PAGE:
June 17, 2013

Decision in New Hampshire school choice case: the good and the bad

By Decision in New Hampshire school choice case: the good and the bad

Today the New Hampshire Superior Court issued a whopping 45-page order in the state’s education tax credit program case.  Judge John M. Lewis ruled that the program is constitutional as long as the scholarships are not used to cover educational expenses of “schools or institutions of any religious sect or denomination.”  In other words, now the program only applies to non-religious private schools, other public schools, and homeschooling.  The decision is better than complete invalidation, but it’s far from ideal.  The program was meant to give families the opportunity to choose the best schools for their children — removing an entire category of options infringes on that essential choice.

Readers may recall that PLF filed a brief on behalf of state legislators that passed the bill.    Anti-school choice groups argued that the bill was passed with intent to benefit religious institutions.  That is false.  The program was established to help low-income families afford to send their children to good schools — not to help religious schools.

Our brief succeeded.  On page 28, the order cites to our brief for the proposition that legislators passed the program with legitimate secular purposes:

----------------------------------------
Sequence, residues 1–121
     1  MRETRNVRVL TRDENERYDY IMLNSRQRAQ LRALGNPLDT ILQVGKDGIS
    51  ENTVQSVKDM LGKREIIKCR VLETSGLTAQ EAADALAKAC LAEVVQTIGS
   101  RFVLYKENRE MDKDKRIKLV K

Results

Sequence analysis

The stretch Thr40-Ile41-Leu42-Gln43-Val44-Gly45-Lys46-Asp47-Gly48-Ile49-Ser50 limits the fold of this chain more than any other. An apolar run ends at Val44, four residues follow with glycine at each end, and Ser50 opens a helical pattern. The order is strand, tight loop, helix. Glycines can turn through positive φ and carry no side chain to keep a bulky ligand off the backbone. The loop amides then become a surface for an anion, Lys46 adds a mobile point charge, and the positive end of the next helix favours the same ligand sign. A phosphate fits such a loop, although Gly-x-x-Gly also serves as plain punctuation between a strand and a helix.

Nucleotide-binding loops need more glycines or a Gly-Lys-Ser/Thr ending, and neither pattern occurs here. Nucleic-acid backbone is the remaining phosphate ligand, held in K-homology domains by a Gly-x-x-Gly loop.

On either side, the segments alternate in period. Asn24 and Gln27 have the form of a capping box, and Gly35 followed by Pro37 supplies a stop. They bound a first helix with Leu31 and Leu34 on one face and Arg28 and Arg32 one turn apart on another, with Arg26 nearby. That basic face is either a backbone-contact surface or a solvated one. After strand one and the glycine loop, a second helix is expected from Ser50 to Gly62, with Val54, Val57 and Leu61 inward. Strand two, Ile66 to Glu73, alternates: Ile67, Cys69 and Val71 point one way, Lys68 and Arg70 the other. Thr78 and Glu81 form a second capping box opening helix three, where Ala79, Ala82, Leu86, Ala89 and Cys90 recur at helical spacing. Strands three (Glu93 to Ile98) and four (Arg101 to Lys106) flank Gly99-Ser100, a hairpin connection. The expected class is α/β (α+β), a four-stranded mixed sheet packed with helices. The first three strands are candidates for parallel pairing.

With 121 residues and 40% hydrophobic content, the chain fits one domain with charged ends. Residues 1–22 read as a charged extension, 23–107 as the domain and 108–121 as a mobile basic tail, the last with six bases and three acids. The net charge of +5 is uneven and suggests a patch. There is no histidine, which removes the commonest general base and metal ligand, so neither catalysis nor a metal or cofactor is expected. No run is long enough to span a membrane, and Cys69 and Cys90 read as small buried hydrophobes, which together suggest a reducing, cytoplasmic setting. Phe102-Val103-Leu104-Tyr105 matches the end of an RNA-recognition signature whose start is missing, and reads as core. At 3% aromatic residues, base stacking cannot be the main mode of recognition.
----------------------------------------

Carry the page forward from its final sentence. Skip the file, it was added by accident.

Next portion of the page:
“The purposes of the program are unambiguously state in the challenged legislation itself: To maximize parental choice in education; to promote the expansion of education opportunities for New Hampshire students; and to improve the overall quality of primary and secondary education in New Hampshire.  Laws 2012, 287:1.  These are secular purposes.  While the program’s purposes contemplate a significant role for “religious” schools in receiving scholarship monies and providing education, the Court concludes that the program was enacted with legitimate secular purposes.  See in this regard, Brief of Amicus Pacific Legal Foundation, et al 4-10.”

We will update our readers as the case develops.  The battle for school choice in New Hampshire isn’t over yet.

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